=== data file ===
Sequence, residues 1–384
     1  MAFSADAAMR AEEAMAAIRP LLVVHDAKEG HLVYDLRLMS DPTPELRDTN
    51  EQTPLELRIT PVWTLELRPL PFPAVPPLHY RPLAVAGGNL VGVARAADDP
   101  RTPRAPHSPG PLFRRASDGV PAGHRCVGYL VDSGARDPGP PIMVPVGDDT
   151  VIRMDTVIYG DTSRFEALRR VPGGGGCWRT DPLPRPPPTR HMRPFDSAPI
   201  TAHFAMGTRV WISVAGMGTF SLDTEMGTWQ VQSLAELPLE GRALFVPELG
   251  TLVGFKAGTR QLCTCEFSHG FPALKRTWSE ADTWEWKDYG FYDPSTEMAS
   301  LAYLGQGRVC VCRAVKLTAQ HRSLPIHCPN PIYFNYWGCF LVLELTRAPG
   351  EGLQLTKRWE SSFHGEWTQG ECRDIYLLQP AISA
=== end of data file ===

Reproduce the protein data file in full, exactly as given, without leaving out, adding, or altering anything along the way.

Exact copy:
Sequence, residues 1–384
     1  MAFSADAAMR AEEAMAAIRP LLVVHDAKEG HLVYDLRLMS DPTPELRDTN
    51  EQTPLELRIT PVWTLELRPL PFPAVPPLHY RPLAVAGGNL VGVARAADDP
   101  RTPRAPHSPG PLFRRASDGV PAGHRCVGYL VDSGARDPGP PIMVPVGDDT
   151  VIRMDTVIYG DTSRFEALRR VPGGGGCWRT DPLPRPPPTR HMRPFDSAPI
   201  TAHFAMGTRV WISVAGMGTF SLDTEMGTWQ VQSLAELPLE GRALFVPELG
   251  TLVGFKAGTR QLCTCEFSHG FPALKRTWSE ADTWEWKDYG FYDPSTEMAS
   301  LAYLGQGRVC VCRAVKLTAQ HRSLPIHCPN PIYFNYWGCF LVLELTRAPG
   351  EGLQLTKRWE SSFHGEWTQG ECRDIYLLQP AISA